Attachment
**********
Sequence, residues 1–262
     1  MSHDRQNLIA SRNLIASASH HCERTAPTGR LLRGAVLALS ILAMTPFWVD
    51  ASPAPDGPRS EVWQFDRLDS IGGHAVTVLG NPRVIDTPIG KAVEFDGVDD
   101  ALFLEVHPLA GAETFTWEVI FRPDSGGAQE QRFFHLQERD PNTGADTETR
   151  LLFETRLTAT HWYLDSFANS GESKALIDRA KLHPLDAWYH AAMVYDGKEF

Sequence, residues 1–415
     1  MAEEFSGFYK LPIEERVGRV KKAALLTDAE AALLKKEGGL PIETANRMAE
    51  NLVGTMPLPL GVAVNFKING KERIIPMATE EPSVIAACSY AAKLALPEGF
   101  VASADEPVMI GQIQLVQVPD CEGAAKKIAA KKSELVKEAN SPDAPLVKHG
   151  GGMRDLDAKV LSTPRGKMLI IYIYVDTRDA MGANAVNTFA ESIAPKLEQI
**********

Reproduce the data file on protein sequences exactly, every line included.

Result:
Sequence, residues 1–262
     1  MSHDRQNLIA SRNLIASASH HCERTAPTGR LLRGAVLALS ILAMTPFWVD
    51  ASPAPDGPRS EVWQFDRLDS IGGHAVTVLG NPRVIDTPIG KAVEFDGVDD
   101  ALFLEVHPLA GAETFTWEVI FRPDSGGAQE QRFFHLQERD PNTGADTETR
   151  LLFETRLTAT HWYLDSFANS GESKALIDRA KLHPLDAWYH AAMVYDGKEF

Sequence, residues 1–415
     1  MAEEFSGFYK LPIEERVGRV KKAALLTDAE AALLKKEGGL PIETANRMAE
    51  NLVGTMPLPL GVAVNFKING KERIIPMATE EPSVIAACSY AAKLALPEGF
   101  VASADEPVMI GQIQLVQVPD CEGAAKKIAA KKSELVKEAN SPDAPLVKHG
   151  GGMRDLDAKV LSTPRGKMLI IYIYVDTRDA MGANAVNTFA ESIAPKLEQI